• Think outside the box. When shopping for chip-infused products, don’t be afraid to think outside the box. For example, buying a refurbished product or using a cloud service instead might be a viable alternative.
  • Order chip-infused products well in advance. If you need to order a product, be sure to order it well in advance of when it will be needed. A chip shortfall at the manufacturing facility might significantly delay its delivery.
  • Adjust your 2022 budget. You will likely be paying more for chip-infused products, so it is a good idea to make sure your company’s 2022 budget reflects those increases. This is especially important if your business needs to purchase big-ticket items.

You Can’t End Chip Shortage But You Can Minimize Its Impact

The semiconductor chip shortage is real. Although you can’t end the shortage, you can minimize its impact on your business by planning ahead and being sensible and flexible when purchasing chip-infused products. It also is important to keep your existing chip-infused products maintained to reduce the chance that they will need to be replaced. We can help keep your company’s computers, printers, routers, and other IT electronics well maintained and operating smoothly.

Business Photographers flickr photo by Rui de Matos shared under a Creative Commons (BY-SA) license

You may have been the victim of an SMS-based phishing, or smishing, attack if you’ve ever received a text message that claimed there was a problem with one of your accounts and asked you to click on a link to resolve the issue. Smishing is one of the easiest ways for hackers to steal your data because you’re literally giving it to them.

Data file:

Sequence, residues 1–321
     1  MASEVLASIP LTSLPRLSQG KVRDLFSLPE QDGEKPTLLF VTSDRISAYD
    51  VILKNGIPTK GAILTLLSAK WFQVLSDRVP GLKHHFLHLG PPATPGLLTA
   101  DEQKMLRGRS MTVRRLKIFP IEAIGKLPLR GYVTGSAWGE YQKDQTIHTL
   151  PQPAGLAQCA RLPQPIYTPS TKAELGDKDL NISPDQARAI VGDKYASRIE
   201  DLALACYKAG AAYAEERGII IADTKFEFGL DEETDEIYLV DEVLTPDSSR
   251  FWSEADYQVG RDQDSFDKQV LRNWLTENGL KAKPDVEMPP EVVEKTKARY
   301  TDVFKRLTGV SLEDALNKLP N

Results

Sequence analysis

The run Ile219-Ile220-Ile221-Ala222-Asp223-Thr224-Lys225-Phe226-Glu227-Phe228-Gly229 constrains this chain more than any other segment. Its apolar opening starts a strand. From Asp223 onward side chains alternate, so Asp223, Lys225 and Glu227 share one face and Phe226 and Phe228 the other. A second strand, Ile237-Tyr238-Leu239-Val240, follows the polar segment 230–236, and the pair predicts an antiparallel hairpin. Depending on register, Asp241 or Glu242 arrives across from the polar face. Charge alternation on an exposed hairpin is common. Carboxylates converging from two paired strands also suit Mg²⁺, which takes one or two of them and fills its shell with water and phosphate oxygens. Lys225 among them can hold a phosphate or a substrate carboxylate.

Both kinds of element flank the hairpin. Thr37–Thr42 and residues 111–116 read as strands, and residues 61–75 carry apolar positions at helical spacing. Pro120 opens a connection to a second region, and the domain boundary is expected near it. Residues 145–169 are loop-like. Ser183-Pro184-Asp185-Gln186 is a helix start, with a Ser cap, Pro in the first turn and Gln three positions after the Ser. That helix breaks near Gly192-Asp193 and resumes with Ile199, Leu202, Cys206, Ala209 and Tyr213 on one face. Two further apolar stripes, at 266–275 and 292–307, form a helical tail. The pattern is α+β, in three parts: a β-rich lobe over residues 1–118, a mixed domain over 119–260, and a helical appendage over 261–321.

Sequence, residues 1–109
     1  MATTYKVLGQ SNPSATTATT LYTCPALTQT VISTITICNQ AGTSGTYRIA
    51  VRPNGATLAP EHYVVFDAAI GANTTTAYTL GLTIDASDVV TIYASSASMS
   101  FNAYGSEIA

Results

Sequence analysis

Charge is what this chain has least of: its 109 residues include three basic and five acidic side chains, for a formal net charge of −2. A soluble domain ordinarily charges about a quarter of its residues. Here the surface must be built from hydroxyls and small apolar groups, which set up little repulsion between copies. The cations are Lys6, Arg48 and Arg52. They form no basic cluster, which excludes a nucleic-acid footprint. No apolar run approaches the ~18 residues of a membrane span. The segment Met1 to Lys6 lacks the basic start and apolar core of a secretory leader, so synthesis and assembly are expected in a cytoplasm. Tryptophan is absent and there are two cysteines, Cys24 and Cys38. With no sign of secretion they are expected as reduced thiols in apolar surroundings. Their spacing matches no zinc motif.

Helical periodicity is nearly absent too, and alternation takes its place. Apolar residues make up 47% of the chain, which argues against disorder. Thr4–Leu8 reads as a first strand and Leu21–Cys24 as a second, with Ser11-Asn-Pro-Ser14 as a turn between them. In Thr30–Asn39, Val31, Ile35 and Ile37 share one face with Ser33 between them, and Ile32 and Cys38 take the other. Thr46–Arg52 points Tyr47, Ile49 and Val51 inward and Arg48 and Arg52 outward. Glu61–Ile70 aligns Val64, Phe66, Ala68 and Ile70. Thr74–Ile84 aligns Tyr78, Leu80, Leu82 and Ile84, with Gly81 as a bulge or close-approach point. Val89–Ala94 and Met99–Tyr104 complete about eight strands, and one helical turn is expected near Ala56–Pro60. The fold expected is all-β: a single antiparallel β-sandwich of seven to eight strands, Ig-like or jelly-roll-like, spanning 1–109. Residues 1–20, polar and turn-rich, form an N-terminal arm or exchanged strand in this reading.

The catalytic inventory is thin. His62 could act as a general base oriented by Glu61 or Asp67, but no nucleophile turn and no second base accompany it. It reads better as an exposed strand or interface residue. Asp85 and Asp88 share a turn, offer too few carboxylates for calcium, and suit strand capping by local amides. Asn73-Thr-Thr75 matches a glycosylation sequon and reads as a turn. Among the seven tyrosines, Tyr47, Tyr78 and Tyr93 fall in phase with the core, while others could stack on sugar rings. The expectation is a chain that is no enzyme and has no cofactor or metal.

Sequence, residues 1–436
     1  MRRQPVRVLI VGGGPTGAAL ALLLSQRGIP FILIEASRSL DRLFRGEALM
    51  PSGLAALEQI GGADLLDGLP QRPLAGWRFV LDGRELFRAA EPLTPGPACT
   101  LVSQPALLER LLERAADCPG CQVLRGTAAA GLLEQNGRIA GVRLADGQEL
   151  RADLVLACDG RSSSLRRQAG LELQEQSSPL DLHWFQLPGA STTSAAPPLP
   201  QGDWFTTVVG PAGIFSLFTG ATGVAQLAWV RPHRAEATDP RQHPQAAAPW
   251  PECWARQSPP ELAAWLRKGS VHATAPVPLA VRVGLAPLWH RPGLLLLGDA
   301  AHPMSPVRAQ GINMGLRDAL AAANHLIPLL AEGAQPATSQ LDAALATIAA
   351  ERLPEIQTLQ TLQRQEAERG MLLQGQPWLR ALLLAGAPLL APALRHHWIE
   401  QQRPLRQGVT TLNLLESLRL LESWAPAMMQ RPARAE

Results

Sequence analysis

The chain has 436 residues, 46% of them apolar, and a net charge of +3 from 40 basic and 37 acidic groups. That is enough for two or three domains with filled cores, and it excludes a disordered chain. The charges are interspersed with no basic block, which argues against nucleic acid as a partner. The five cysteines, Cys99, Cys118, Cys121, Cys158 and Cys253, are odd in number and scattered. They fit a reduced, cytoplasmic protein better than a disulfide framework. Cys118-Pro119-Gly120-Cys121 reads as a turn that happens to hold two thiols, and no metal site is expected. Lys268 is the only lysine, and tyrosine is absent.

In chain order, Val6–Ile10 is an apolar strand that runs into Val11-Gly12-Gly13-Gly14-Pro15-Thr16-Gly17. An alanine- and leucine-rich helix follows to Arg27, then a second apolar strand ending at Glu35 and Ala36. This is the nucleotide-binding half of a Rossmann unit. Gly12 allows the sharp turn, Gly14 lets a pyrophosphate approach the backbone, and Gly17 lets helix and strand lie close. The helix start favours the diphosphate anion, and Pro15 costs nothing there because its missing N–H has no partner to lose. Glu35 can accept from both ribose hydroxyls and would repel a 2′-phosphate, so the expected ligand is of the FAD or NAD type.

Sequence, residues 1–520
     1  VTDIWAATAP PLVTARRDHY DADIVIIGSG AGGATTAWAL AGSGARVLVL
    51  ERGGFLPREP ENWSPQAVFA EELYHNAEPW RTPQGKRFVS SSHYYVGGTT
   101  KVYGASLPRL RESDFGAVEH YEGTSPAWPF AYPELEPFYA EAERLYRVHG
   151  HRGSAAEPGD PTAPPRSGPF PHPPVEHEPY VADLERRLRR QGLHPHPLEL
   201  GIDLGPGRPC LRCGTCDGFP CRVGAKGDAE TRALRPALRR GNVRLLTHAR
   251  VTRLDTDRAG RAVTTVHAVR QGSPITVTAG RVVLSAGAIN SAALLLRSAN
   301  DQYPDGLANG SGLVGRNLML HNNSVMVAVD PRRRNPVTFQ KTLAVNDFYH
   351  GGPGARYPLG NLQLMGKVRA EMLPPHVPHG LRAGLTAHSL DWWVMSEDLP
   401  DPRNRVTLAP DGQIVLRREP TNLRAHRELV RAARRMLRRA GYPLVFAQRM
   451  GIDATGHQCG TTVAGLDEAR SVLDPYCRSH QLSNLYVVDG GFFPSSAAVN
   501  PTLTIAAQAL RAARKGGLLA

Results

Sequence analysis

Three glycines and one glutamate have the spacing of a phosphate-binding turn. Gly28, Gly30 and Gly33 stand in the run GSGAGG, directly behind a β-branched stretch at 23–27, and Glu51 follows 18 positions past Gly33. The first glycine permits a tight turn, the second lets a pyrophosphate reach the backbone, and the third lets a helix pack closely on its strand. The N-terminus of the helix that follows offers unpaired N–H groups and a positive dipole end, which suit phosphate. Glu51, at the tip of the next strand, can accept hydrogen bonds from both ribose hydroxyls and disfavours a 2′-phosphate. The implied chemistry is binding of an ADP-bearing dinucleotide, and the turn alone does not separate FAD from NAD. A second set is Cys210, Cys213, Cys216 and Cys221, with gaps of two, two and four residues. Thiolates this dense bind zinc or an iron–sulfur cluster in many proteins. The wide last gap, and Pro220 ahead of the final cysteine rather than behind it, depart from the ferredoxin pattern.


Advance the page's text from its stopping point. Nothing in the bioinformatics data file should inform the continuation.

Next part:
Many people now spend most of their waking hours on their phones, which is one of the main reasons for the dramatic rise in these attacks over the last few years. As a result, law enforcement agencies and telecommunications companies are actively developing countermeasures against smishing.

Phishing is a type of cyber attack in which the attacker sends an email message designed to trick the victim into disclosing sensitive information or deploying malware on the victim’s computer. They often use fraudulent, or spoofed, websites to make it appear as if the email came from someone the victim has reason to trust, typically a bank or online retailer. Phishing attacks have become increasingly sophisticated, often allowing the attacker to observe the victims’ actions on the spoofed website and further compromise their security. Phishing is by far the most common type of cyber attack as of 2020, with more than twice as many attacks as any other type of computer crime, according to the FBI’s Internet Crime Complaint Centre (IC3).

Other cyber attacks are conceptually similar to phishing, although they may differ in their implementation. For example, smishing uses SMS rather than email to deliver a fraudulent message that invites the victim to perform some action such as clicking a link, sending an email reply or calling a phone number. The message also asks the victim to disclose personal information such as the security credentials for a website or online service that the victim is currently receiving. It can be particularly difficult to identify spoofed logon pages on a mobile phone since its small display size can prevent you from seeing the entire URL.